PLEASE NOTE: To get this special price, go to our store and read more about the dish, BUT DO NOT ORDER IT THERE. Instead, send us an email, using the contact tab above, and tell us what color or colors you would like. Please include your full mailing address and phone number. (We never share or sell private information.) We will reserve the dish and email you a PayPal invoice for the dish and shipping. Payment is due within 24 hours. We also accept checks, if you prefer. Let us know. 

We will update the following list as we receive orders.

-Kiwi Green – Sorry, sold out!

-Cobalt Blue – Sorry, sold out!

-Red – Sorry, sold out!

-Coastal Blue – Sorry, sold out!

-White – Sorry, sold out!

SPECIAL BUNDLE DEAL – Order an autographed copy of Dinner Pies with your tart dish, and your bundle price – for both book and tart dish – is $45.00

Dinner Pies by Ken Haedrich Dean of The Pie Academy

IF THIS IS A GIFT for someone, we will be happy to ship it to them directly. Let us know. We’ll gift wrap the book if you like. 

SHIPPING NOTE: Orders placed this weekend will go out on Monday and Tuesday so they’ll reach you in plenty of time for Christmas day. Sorry, but we only ship within the continental United States.


Pastry Note: For this meet pie, you will need enough pastry for a double crust pie. If you don’t have a favorite double crust recipe, try the basic recipe you’ll find at the end of this post using 1 tablespoon cornstarch and 1 tablespoon confectioners’ sugar instead of 2 tablespoons of the latter.

A Meat Pie for Playoff Season


  • Enough pastry for a double-crust pie
  • 2 tablespoons vegetable oil
  • 1 large onion, chopped
  • 4 garlic cloves, minced
  • 2 cups chopped white mushroom caps
  • 1 pound ground beef
  • 1 pound ground pork
  • 2 cups beef broth
  • 1 large baking potato, peeled and cut into small dice
  • 1 carrot, peeled and cut into small dice
  • 1 bay leaf
  • 1 teaspoon dried thyme
  • 1/2 teaspoon chopped dried rosemary
  • 1/2 teaspoon paprika
  • 1/4 teaspoon ground cinnamon
  • 1/4 teaspoon ground cloves
  • 1/4 - 1/3 cup ketchup or Heinz chile sauce
  • 1 teaspoon Worcestershire sauce
  • 3 tablespoons old-fashioned rolled oats
  • 1 egg beaten with 1 teaspoon water, for glaze


  1. If you haven't already, prepare and refrigerate the pastry for at least 1 1/2 hours.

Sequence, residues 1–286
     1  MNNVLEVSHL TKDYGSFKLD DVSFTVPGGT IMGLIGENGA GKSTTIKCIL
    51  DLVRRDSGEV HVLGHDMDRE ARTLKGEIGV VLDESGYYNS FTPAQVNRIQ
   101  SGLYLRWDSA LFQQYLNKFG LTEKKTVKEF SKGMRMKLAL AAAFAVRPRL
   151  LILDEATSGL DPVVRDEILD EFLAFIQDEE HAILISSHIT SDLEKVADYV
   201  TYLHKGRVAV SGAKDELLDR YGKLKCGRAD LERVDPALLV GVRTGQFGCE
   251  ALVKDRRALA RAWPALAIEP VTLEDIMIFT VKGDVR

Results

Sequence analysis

2. Heat the oil in a large stovetop casserole or Dutch oven over medium heat. Stir in the onion and saute for 5 minutes. Stir in the garlic and mushrooms; salt lightly. Saute 2 to 3 minutes more, then add the meats, crumbling them up as they go in the pan. Brown the meat, breaking it up with a wooden spoon. Remove the pot from the heat, tilt it, and spoon off and discard all but about 3 tablespoons of the fat in the pan.
  3. Put the pot back on the heat and stir in the beef broth, potato, carrot, bay leaf, thyme, rosemary, paprika, cinnamon, cloves, 3/4 teaspoon salt, and 1/4 teaspoon ground pepper. Bring to a low boil, then lower the heat, cover, and simmer for 20 to 25 minutes.
  4. When the potatoes are good and soft, stir in the ketchup, Worcestershire sauce, and oats. Take a potato masher and gently mash the mixture a bit; don't overdo it. Continue to simmer the mixture over medium heat, stirring often, until it's thick but still saucy. Transfer the filling to a shallow casserole, remove the bay leaf, and cool thoroughly.
  5. While the filling cools, roll the larger half of the pastry into a 12 1/2- to 13-inch circle on a floured work surface. Line a 9- to 9 1/2-inch deep-dish pie pan or tart pan with it, letting the edge of the pastry drape over the sides; don't trim it yet. Refrigerate until the filling has cooled.
  6. When you're ready to assemble the pie, preheat the oven to 375°F and adjust the oven rack so it is one position below the middle. Taste the filling one more time and adjust the seasoning if necessary, adding more salt, ketchup, herbs or spices as desired. Spread the filling in the shell and smooth the top with a spoon. Lightly moisten the edge of the pastry with a damp pastry brush.
  7. Roll the other half of the pastry into an 11-inch circle on a floured surface. Drape the pastry over the filling and press along the perimeter to seal. Sculpt the excess dough into an upstanding ridge and flute or crimp as desired. Brush the top of the pie lightly with the egg glaze.
  8. Bake the pie for 30 minutes, then move the rack up to the center position and continue to bake until the crust is a rich golden brown, about 20 minutes more. Transfer to a rack and cool for at least 30 minutes before slicing and serving, longer if possible. Makes 8 to 10 servings.